School grounds

Pupils spend a significant proportion of their time in the school grounds, so it is important that the experiences they have there are the best and most positive they can be. Young people read messages and meanings from the quality of their surroundings. They interpret the condition of their surroundings as a reflection of the value adults place on the environment and the children who are the main users.

Children can receive mixed messages from adults. For example, they may be taught that “the environment” is important and that they should take care of it, and then see grounds that are poorly designed and badly cared for. In order to support what is said inside the classroom, practical ideas need to be applied outside.

These could include recycling and composting in the grounds, introducing native plant species to encourage wildlife, using recycled materials for creating elements within the grounds, or maintaining the grounds using organic methods. Learning to appreciate and care for the school grounds is an important first step towards a broader appreciation of both local and global nature and biodiversity.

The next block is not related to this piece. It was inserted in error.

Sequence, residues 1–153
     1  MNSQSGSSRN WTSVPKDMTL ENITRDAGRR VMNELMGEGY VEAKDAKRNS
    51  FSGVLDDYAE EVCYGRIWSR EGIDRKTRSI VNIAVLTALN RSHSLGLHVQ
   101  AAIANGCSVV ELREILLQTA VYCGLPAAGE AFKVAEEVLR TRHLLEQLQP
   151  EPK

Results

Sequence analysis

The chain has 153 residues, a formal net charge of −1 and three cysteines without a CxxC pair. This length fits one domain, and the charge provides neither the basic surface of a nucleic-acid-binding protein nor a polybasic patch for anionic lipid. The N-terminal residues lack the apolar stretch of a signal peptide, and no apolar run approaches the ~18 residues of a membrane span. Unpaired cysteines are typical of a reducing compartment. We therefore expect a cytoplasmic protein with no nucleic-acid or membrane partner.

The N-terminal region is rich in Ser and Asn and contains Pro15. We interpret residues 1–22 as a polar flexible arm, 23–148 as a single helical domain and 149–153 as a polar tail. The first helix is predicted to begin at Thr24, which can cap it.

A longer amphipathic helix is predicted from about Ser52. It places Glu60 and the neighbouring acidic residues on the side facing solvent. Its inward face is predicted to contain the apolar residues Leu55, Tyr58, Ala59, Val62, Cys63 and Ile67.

The outdoor areas in the school can be designed and used as a setting for lessons. This requires suitable places for pupils to gather, seating for different group sizes, shade and shelter from the sun, wind and rain, as well as seating that is created for the young people who are going to use it and appropriate for how it is to be used. Within the classroom and along the corridors, appreciation for nature can be heightened by displaying nature-themed artwork and indoor plants.

When tackling this theme, the Eco-Committee can look into how to improve the design of outdoor areas to promote outdoor learning, as well as how to ensure that “nature” is brought into the classroom and school corridors.
© Darren Jew / WWF
© Darren Jew / WWF